The interesting thing about getting older is the perspective that one gains in the process. You realize that all those decisions that you’ve made over the years, ultimately led to pivotal points in your life. Looking back,
one either has regrets or is happy with the decisions they’ve made. It’s usually a mixture of both. Regardless of a decision’s outcome, they all play their part in the life we have.
Some of the decisions I made early on in my “adult life”, charted the course of my future. Perhaps, one of the biggest was my decision to take a sabbatical from Syracuse University where I was studying architecture. I was a sophomore and only 19 years old, but I had an insatiable curiosity for the world beyond academia. So, instead of returning to college in September, I took off for Europe. My plan was to meet up with a friend and travel around Europe and be home by Christmas. The short story is that when I arrived in Munich and my friend wasn’t there, I made the decision to do what I set out to do – travel around Europe, except now I would be doing it on my own.
The long story is that I eventually met up with my friend a couple months later in Greece and we traveled around together until she went back to the U.S and I stayed. I ended up traveling (mostly hitch hiking) around the world for a year and when I got home, I knew that I wanted to pursue a lifestyle that centered on travel and exploration. I decided to become a photographer and use my camera as a means to that end.
I never did return to my studies at Syracuse University. I headed to California, graduated from Brooks Institute and eventually came back East to make my mark in the editorial world – and I have in a richly rewarding way. A lot as happened in my life since the day I made that decision to take a “break” from my studies so long ago, and I am grateful for all the opportunities and joy it has brought to my life.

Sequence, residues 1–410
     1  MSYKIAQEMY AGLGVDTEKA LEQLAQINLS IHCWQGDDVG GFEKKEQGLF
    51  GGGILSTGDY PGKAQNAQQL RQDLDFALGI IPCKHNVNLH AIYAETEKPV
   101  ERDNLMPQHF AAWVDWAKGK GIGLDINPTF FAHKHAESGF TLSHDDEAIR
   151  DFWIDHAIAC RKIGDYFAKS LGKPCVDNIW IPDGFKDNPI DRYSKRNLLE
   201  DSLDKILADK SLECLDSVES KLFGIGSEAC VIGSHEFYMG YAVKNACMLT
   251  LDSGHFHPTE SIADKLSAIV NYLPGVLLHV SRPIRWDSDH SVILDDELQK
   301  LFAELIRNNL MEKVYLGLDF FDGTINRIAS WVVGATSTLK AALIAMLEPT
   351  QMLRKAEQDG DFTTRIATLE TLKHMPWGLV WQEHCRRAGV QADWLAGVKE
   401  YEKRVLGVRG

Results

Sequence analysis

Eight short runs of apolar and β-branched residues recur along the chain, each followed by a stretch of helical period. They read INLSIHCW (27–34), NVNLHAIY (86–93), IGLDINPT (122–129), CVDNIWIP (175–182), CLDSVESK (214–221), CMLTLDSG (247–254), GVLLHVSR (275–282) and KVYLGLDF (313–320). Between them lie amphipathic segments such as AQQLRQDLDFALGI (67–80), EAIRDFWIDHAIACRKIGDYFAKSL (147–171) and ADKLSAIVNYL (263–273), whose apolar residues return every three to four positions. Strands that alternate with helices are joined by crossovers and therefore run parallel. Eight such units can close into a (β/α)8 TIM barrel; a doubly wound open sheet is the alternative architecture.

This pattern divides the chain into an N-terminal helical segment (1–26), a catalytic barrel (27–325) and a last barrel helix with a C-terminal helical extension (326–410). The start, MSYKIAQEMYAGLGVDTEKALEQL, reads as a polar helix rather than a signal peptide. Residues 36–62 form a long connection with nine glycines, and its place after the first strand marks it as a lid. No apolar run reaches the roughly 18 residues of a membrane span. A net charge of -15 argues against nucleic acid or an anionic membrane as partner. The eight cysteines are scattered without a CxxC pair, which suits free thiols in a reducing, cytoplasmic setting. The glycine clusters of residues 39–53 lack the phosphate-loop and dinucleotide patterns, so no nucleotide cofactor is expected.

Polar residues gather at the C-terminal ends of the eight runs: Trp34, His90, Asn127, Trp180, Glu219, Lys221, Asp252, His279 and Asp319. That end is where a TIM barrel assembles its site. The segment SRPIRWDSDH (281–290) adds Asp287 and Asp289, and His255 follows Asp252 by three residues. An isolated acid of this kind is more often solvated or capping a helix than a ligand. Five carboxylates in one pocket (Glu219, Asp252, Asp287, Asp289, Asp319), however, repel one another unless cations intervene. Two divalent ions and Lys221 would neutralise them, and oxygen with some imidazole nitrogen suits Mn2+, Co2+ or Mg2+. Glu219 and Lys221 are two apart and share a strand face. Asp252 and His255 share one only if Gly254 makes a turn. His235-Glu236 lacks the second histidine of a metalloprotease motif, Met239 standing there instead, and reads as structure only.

I have just returned from a trip up to Syracuse. I had been asked to moderate a discussion for an ASMP event, with National Geographic photographer, David Doubilet and Mike Davis, Alexia Chair for Documentary Photography at Newhouse School. It was a fabulous event and was well attended by students from 9 different colleges in the area – all so eager to learn and make their mark on the world.
After the event was over, I reflected back on my days at SU and the life I’ve had since then. Somehow despite the angst and chaos of the times and the naiveté of youth, I made the “right” decision that changed the course of my life. Here I was, decades later, at Syracuse University moderating a discussion between a legendary shooter for the “Geographic” and an esteemed editor and educator from the Newhouse School of Journalism. I smiled at how the universe continues to connect the dots in my life – that is when I tune into it and “see” what it has in store for me.